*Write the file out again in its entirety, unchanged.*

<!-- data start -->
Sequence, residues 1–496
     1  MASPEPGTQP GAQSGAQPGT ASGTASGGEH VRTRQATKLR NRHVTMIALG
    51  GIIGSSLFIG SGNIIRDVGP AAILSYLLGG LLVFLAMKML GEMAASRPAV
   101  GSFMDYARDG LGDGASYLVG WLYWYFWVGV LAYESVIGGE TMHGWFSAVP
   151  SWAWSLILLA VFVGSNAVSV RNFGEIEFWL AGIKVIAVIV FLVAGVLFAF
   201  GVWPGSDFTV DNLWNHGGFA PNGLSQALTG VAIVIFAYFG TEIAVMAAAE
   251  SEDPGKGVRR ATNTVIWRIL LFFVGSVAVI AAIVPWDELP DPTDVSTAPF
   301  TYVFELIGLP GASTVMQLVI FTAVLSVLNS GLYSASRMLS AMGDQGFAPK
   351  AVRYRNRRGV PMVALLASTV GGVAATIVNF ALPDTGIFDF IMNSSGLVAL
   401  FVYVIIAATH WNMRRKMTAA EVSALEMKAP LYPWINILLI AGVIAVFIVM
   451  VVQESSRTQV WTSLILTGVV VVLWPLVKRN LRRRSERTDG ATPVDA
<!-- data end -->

Sequence, residues 1–496
     1  MASPEPGTQP GAQSGAQPGT ASGTASGGEH VRTRQATKLR NRHVTMIALG
    51  GIIGSSLFIG SGNIIRDVGP AAILSYLLGG LLVFLAMKML GEMAASRPAV
   101  GSFMDYARDG LGDGASYLVG WLYWYFWVGV LAYESVIGGE TMHGWFSAVP
   151  SWAWSLILLA VFVGSNAVSV RNFGEIEFWL AGIKVIAVIV FLVAGVLFAF
   201  GVWPGSDFTV DNLWNHGGFA PNGLSQALTG VAIVIFAYFG TEIAVMAAAE
   251  SEDPGKGVRR ATNTVIWRIL LFFVGSVAVI AAIVPWDELP DPTDVSTAPF
   301  TYVFELIGLP GASTVMQLVI FTAVLSVLNS GLYSASRMLS AMGDQGFAPK
   351  AVRYRNRRGV PMVALLASTV GGVAATIVNF ALPDTGIFDF IMNSSGLVAL
   401  FVYVIIAATH WNMRRKMTAA EVSALEMKAP LYPWINILLI AGVIAVFIVM
   451  VVQESSRTQV WTSLILTGVV VVLWPLVKRN LRRRSERTDG ATPVDA